Diamonds really are forever: Study

·2-min read

Ancient diamonds indicate earth was primed for life's explosion at least 2.7 billion years ago, researchers say.

Volatile gases conserved in diamonds discovered in ancient rocks were present in similar proportions to those found in the earth's mantle, which lies between the planet's core and crust.

This indicates there has been no fundamental change in the proportions of these gases in the atmosphere over the last few billion years.

The research suggests one of the basic conditions necessary to support life - the presence of life-giving elements in sufficient quantity - appeared soon after earth formed, and has remained fairly constant ever since.

Presenting the work at the Goldschmidt Geochemistry conference, lead researcher Doctor Michael Broadley said: "The proportion and make-up of volatiles in the atmosphere reflects that found in the mantle, and we have no evidence of a significant change since these diamonds were formed 2.7 billion years ago."

Volatiles such as hydrogen, nitrogen, neon, and carbon-bearing species are light chemical elements and compounds, which can be readily vaporised due to heat, or pressure changes.

They are necessary for life, especially carbon and nitrogen.

On earth, volatile substances mostly bubble up from inside the planet, and are brought to the surface through events such as volcanic eruptions.

Knowing when they arrived in the earth's atmosphere is key to understanding when the conditions on the planet were suitable for the origin and development of life.

Now French and Canadian researchers have used ancient diamonds as a time capsule, to examine the conditions deep inside the earth's mantle in the distant past.

Studies of gases trapped in the "comparatively indestructible" diamonds show the volatile composition of the mantle has changed little over the last 2.7 billion years.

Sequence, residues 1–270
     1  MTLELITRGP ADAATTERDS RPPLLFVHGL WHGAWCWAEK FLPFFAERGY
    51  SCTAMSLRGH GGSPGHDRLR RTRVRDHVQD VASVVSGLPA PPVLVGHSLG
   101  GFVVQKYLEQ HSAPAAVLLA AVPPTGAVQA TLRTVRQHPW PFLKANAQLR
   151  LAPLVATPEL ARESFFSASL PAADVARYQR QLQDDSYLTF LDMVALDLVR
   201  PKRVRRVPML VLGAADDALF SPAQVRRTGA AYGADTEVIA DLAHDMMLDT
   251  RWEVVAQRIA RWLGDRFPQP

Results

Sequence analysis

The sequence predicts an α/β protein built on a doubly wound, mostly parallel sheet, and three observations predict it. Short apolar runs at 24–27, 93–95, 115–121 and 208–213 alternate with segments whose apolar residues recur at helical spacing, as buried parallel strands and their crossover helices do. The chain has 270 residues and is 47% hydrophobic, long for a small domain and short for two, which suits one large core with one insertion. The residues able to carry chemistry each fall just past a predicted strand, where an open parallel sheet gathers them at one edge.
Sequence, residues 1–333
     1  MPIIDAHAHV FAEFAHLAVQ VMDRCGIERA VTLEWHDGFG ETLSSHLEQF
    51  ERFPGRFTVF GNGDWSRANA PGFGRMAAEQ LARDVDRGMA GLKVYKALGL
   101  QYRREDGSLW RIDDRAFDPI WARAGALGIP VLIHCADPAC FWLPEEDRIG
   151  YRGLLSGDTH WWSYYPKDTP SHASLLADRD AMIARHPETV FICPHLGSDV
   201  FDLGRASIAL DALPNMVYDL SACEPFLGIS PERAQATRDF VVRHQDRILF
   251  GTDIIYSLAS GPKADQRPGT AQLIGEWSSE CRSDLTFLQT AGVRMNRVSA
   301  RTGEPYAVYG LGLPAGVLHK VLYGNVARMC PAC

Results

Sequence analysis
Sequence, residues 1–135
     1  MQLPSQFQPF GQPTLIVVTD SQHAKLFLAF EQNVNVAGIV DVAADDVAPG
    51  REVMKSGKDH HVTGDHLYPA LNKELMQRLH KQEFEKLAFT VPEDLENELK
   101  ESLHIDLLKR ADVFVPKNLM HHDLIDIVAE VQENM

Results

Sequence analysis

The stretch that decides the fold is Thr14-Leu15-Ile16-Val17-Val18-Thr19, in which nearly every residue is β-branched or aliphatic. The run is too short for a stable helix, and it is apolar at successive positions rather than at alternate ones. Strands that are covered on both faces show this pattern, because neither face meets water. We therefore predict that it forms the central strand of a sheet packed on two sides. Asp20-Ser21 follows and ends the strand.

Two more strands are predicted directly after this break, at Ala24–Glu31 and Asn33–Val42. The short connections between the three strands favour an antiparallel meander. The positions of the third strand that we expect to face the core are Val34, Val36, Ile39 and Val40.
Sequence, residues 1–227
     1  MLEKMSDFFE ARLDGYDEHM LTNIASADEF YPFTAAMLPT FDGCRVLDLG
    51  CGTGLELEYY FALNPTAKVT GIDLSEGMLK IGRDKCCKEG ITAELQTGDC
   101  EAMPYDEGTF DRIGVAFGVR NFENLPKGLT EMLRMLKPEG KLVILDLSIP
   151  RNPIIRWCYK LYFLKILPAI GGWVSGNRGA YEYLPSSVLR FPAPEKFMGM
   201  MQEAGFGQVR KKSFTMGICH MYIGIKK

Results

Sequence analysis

Researchers studied diamonds trapped in 2.7 billion-year-old highly preserved rock from Wawa, on Lake Superior in Canada.

This meant they were at least as old as the rocks they were found in - probably older.

The diamonds were heated to more than 2000C to transform them into graphite, which then released tiny quantities of gas which was measured.

The team measured the isotopes of helium, neon, and argon, and found they were present in similar proportions to those found in the upper mantle today.

This suggests the distribution of essential volatile elements between the mantle and the atmosphere are likely to have remained fairly stable throughout the majority of earth's life.

"This was a surprising result," Dr Broadley said.

"It means the volatile-rich environment we see around us today is not a recent development, so providing the right conditions for life to develop.

"Our work shows that these conditions were present at least 2.7 billion years ago, but the diamonds we use may be much older, so it's likely that these conditions were set well before our 2.7 billion year threshold."

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